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HILT v. ROSLYN VOLUNTEER FIRE COMPANY (10/12/71)

decided: October 12, 1971.

HILT, APPELLANT,
v.
ROSLYN VOLUNTEER FIRE COMPANY



Appeal from order of Superior Court, Oct. T., 1968, No. 320, affirming order of Court of Common Pleas of Montgomery County, No. 67-10730, in case of Edward W. Hilt v. Roslyn Volunteer Fire Co.

COUNSEL

Carl M. Mazzocone, with him Sheer, Mazzocone & Quinn, for appellant.

John F. McElvenny, with him Frederick W. Anton, III, for appellee.

Bell, C. J., Jones, Cohen, Eagen, O'Brien, Roberts and Pomeroy, JJ. Opinion by Mr. Justice Pomeroy. Mr. Justice Cohen took no part in the decision of this case. Dissenting Opinion by Mr. Justice Eagen. Mr. Justice Roberts joins in this dissent. Dissenting Opinion by Mr. Justice Roberts.

Author: Pomeroy

[ 445 Pa. Page 150]

This is an appeal from the denial of benefits by the Workmen's Compensation Board to claimant who

[ 445 Pa. Page 151]

    sought to recover for a heart attack suffered on March 16, 1964 while he was acting in his capacity as a volunteer fireman. The evidence established on behalf of the claimant showed that while he was driving a twenty year old, ten ton fire truck, it became necessary to engage the emergency brake to keep the truck from slipping backward during a turn about; that the emergency brake mechanism (a lever with a push button on top) would not release readily because in the exigency of the situation it had been pulled back too far; that claimant bent over into an awkward position and exerted an additional force to free the brake lever; that in so doing, claimant suffered immediate chest pain and was hospitalized within several hours as a result of an infarct; that claimant was totally disabled from the date of the occurrence on March 16, 1964 until July 9, 1964 when he returned to work on a limited basis in his regular employment as a carpenter; and that he remained on limited duty, thus suffering a reduction in earning capacity, until September 30, 1964 when he resumed full employment with no further loss in wages.

The workmen's compensation referee made a factual determination that claimant had suffered a myocardial infarction on the day of the incident; nevertheless, he denied benefits to claimant, concluding as a matter of law that there had been no accident within the meaning of the Workmen's Compensation Act.*fn1 The Workmen's Compensation Board affirmed the findings of fact, conclusions of law and the order of the referee dismissing the claimant's petition. In addition, the Board specifically found as a fact that the claimant's activities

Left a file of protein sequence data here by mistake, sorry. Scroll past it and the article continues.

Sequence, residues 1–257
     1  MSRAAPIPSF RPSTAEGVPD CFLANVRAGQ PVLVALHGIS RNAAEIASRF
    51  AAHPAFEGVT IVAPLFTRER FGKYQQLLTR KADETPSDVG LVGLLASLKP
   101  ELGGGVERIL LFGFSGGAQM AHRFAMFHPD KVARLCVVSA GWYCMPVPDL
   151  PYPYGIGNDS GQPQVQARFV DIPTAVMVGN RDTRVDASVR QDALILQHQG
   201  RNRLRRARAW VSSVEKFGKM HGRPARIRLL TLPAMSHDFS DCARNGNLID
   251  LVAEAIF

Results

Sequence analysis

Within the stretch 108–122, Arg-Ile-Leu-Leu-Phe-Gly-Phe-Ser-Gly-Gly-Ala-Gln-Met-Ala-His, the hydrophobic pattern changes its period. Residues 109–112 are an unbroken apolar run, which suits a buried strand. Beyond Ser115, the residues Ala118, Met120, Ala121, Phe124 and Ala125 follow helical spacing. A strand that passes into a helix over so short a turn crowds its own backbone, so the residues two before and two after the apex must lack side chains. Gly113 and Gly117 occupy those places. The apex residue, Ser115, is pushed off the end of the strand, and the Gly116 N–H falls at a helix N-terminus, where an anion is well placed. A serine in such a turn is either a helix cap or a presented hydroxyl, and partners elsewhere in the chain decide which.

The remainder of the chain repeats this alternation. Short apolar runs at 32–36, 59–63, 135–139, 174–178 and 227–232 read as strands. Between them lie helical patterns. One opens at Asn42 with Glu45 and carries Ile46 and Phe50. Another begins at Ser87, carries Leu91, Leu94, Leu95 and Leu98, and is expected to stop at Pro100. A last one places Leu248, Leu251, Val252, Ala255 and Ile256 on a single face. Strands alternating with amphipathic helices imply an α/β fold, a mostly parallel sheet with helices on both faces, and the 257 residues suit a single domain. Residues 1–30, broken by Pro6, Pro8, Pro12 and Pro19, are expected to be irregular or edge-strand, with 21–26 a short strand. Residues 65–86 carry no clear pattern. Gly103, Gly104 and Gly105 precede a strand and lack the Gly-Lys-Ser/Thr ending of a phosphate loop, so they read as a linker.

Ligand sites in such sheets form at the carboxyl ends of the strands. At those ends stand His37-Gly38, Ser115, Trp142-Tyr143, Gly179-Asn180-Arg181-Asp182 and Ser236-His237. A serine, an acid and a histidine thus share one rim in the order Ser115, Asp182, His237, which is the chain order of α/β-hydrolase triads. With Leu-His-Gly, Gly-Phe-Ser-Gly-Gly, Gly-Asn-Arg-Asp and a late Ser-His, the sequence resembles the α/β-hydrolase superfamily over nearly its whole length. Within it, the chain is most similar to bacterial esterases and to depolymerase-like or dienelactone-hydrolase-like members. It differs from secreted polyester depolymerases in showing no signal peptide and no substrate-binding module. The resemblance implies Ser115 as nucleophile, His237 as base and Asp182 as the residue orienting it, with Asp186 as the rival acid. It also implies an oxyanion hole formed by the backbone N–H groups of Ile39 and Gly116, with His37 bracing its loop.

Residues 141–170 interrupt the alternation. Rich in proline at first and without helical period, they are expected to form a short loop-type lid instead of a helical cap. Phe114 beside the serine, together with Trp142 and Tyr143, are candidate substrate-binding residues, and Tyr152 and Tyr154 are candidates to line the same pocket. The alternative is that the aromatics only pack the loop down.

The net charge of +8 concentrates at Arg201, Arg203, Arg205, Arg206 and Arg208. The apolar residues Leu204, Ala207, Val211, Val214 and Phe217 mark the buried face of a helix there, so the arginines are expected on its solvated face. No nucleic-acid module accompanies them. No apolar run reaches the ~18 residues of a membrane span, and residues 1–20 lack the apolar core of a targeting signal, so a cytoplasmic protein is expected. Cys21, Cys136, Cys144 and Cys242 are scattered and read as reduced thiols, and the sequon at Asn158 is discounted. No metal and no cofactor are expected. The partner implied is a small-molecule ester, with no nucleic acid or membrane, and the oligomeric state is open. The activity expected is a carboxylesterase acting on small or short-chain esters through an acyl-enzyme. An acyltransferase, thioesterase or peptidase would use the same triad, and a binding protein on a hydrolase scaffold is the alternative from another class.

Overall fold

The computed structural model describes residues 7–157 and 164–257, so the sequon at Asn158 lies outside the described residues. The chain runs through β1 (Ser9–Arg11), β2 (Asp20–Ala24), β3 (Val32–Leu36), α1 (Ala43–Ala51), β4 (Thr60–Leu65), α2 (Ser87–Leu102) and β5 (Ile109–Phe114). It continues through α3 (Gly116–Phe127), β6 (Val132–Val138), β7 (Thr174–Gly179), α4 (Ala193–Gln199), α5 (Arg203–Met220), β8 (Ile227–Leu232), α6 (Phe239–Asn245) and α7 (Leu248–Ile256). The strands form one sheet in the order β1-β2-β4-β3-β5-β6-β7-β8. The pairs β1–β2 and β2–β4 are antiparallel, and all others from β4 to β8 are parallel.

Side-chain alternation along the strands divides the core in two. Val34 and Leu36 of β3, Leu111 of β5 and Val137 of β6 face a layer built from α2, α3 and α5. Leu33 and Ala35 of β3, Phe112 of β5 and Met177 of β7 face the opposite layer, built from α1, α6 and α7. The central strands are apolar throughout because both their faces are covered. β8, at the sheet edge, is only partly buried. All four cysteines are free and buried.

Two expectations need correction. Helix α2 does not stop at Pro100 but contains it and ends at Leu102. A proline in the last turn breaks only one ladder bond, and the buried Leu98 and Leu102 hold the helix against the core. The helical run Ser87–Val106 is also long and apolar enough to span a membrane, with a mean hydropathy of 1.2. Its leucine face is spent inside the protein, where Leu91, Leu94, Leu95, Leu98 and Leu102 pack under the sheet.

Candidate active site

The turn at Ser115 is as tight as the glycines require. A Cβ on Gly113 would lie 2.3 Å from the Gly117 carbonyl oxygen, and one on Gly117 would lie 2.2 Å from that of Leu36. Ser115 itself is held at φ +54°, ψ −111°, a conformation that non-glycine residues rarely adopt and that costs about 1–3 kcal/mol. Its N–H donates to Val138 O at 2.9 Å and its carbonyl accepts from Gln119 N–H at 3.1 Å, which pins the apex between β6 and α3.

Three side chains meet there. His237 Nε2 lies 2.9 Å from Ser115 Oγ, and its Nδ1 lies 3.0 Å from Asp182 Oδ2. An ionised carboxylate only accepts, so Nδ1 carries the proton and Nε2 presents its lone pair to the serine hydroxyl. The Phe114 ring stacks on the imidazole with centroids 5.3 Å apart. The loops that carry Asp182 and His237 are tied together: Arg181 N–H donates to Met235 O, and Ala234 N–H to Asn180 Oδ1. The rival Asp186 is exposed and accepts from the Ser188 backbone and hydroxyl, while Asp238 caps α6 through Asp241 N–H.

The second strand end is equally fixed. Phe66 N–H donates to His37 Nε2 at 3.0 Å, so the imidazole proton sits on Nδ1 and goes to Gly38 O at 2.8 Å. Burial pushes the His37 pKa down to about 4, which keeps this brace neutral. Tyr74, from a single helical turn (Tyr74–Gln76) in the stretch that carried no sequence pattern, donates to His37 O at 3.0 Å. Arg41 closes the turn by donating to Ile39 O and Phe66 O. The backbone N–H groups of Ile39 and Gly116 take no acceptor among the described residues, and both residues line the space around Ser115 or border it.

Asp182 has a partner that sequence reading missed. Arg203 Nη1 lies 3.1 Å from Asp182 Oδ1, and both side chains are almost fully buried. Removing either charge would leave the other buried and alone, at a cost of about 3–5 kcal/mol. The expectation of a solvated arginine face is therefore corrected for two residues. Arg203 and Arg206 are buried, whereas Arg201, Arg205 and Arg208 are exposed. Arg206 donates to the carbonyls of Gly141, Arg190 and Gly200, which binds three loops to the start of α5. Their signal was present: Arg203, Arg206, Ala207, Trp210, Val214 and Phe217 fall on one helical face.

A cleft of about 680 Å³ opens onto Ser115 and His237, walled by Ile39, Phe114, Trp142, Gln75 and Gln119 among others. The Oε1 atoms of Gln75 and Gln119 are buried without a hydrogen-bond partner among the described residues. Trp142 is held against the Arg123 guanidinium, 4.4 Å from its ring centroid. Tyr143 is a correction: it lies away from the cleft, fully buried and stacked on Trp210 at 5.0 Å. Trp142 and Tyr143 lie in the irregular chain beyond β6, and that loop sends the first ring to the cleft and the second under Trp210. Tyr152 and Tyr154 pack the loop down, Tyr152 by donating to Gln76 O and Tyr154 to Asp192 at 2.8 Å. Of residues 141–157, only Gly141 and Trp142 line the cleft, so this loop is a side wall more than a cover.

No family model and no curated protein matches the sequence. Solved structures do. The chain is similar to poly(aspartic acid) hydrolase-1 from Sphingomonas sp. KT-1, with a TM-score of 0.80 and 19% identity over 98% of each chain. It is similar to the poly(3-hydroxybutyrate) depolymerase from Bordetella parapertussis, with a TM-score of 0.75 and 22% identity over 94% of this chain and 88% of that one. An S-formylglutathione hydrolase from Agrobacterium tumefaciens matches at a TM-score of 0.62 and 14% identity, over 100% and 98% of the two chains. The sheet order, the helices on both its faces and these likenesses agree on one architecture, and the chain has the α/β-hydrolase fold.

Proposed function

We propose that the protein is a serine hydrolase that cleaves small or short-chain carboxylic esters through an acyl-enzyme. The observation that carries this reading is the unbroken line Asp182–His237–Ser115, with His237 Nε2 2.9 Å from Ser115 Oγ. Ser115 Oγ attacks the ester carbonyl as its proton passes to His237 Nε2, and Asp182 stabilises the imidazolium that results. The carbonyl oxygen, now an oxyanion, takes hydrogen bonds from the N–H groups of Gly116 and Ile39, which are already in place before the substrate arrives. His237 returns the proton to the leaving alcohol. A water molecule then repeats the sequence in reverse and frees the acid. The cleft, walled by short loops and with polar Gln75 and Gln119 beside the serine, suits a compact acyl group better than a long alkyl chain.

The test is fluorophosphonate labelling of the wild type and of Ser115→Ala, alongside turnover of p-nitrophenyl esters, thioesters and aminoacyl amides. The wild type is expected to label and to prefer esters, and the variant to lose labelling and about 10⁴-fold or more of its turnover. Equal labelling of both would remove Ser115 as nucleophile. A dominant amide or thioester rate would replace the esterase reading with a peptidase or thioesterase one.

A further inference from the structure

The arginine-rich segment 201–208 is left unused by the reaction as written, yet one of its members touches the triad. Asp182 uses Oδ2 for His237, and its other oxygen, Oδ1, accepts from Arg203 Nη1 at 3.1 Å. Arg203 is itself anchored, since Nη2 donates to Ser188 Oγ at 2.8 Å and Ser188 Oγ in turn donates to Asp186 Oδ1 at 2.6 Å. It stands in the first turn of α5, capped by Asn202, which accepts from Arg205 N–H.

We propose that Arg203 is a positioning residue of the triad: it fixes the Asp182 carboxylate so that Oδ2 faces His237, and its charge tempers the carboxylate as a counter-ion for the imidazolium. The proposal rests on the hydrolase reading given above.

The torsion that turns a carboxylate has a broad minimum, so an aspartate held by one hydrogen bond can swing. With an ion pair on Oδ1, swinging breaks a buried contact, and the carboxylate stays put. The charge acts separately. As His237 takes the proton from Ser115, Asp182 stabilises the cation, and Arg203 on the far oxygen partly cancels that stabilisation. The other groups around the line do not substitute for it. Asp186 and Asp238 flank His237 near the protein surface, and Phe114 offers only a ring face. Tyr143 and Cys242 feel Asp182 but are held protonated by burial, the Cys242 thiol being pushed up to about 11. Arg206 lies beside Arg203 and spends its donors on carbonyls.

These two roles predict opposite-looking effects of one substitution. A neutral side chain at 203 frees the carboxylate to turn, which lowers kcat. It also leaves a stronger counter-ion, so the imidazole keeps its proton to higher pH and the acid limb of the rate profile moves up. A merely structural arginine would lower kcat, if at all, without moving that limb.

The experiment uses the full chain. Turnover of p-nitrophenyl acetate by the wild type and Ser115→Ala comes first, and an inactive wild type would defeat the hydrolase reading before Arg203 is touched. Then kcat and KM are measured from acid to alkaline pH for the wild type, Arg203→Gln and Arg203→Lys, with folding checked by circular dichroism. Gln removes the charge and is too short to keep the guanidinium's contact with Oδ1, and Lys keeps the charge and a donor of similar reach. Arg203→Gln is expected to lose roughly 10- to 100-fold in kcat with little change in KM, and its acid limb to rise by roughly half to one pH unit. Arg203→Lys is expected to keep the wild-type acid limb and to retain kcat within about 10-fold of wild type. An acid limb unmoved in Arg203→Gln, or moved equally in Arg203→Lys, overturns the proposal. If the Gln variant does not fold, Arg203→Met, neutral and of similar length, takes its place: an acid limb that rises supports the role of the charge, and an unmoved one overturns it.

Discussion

[ 445 Pa. Page 152]

    on the date of the incident did not constitute a materially greater amount of exertion or risk than the claimant was normally required to perform in the course of his duties as a volunteer fireman, and thus his injuries were not the result of an "unusual exertion". The Board's decision was affirmed by the Court of Common Pleas of Montgomery County, sitting en banc, and its order was in turn affirmed by the Superior Court.*fn2 We granted allocatur in order to consider the claim of appellants that the Board and the courts below erred in applying the "unusual strain" doctrine to the facts of this case in that they failed to apply the standard set forth in Hamilton v. Procon, 434 Pa. 90, 252 A.2d 601 (1969), a decision of this Court handed down after the commencement of the instant case, and subsequent to the date of the lower court's opinion.

In Hamilton, the opinion*fn3 reviewed the unusual strain doctrine as it has been applied in Pennsylvania, viz., that there can be no recovery unless the claimant proves that the death or injury resulted from an over-exertion or unusual strain encountered in the course of the employment, and concluded that the doctrine should not be abrogated by judicial opinion.*fn4 It found, however, that the Common Pleas Court had erred in ...


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